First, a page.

Javascript is currently disabled. This site requires Javascript to function correctly. Please enable Javascript in your browser!

Saint Lawrence O’Toole

Saint Lawrence O’Toole
  • Century: 12th Century
  • Patronage: Archdiocese of Dublin
  • Feast Day: November 14th

St. Lawrence O’Toole was born Lorcan Ua Tuathail, in Castledermot, Ireland in 1128.  He was one of four sons of an O’Byrne princess.  By the time of St. Lawrence’s birth, his father was subordinate to the new kings of Leinster.  At the age of 10 he was sent to Diarmait as a hostage for his father.  He was imprisoned for two years in extreme austerity and barely given enough to live on. 

One result of his confinement was the strengthening of his wish to enter the religious life.  On his being released, he remained in Glendalough.  He entered the religious life and in time became the Abbot of Glendalough, at the age of 26.  He was well regarded by both the community in Glendalough and its secular neighbors for his profound sanctity and charity to the poor.  

When he was thirty-two, he was unanimously elected as Archbishop of Dublin, at the Synod of Clane.  He was the first Irishman to be appointed to the See of this town ruled by the Danes and Norwegians.  It is worth noting that this nomination was backed by the High King, the Community at Glendalough, and also the Clergy and population of Dublin itself.  He saw the people through a severe famine in Dublin, which struck the city.  He also played a prominent part in the Irish Church Reform Movement of the 12th century, as well as rebuilding Christ Church Cathedral, several parishes, and promoted the use of Gregorian Chant.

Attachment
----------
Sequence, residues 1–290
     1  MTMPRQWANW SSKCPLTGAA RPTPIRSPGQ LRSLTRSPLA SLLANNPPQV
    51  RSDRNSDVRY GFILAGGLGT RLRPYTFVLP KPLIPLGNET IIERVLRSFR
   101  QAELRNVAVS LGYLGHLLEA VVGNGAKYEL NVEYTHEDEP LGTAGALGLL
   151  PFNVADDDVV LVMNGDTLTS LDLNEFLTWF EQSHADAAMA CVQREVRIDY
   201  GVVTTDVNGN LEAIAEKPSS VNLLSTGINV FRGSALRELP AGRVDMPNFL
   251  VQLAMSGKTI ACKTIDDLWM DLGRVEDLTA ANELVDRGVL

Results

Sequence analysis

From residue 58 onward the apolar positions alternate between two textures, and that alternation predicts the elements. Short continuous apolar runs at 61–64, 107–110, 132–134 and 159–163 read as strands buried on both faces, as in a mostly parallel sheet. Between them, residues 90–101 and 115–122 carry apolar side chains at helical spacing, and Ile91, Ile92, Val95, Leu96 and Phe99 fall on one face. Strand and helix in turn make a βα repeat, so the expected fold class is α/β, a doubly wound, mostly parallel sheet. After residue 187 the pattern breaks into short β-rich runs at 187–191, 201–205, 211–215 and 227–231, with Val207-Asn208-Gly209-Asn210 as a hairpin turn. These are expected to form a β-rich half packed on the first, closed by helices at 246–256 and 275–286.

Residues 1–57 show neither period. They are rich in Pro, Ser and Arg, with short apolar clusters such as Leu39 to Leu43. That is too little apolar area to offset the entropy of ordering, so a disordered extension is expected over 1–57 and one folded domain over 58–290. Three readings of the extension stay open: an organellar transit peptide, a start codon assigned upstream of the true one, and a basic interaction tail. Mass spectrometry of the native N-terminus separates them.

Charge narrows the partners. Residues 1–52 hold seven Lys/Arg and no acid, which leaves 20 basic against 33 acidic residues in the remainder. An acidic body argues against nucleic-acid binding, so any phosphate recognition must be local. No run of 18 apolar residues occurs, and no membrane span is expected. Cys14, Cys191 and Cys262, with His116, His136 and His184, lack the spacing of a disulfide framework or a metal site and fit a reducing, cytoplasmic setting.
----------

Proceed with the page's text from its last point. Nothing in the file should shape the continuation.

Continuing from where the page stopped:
He left Ireland in 1179 to attend the Third Council of the Lateran in Rome, along with five other Bishops.  He received a papal bull from Pope Alexander III, confirming the rights and privileges of the See of Dublin.  Pope Alexander also named him as papal legate.  On his return to Ireland, he kept up the pace of reform, that as many as 150 clerics were withdrawn from their offices for various abuses and sent to Rome.  In 1180 he let Ireland for the last time.  After a stay at the Monastery of Abingdon, south Oxford, he fell ill and was conveyed to St. Victor’s Abbey at Eu.  He was well known as an ascetic, wore a hair shirt, never ate meat, and fasted every Friday on bread and water.  He passed away soon after, in 1180.  

Due to the claimed great number of miracles that rapidly occurred either at his tomb or through his intercession, he was canonized only 45 years after his death.  His heart was preserved in Christ Church Cathedral in Dublin from the 13th century until March 3, 2012 when it was stolen.  It had no economic value, but it was priceless treasure that linked the present with their founding father.  

Practical Take Away

St. Lawrence was born in Ireland to a royal family, that lost their power.  He was imprisoned as a political prisoner at the age of 10, for two years.  This only strengthened his desire for he religious life.  He became an Abbot at the age of 26, and the Archbishop of Dublin at the age of 32.  He worked most of his life for the Church Reform Movement of the 12th Century.  He was known for his profound sanctity and charity for those under his care.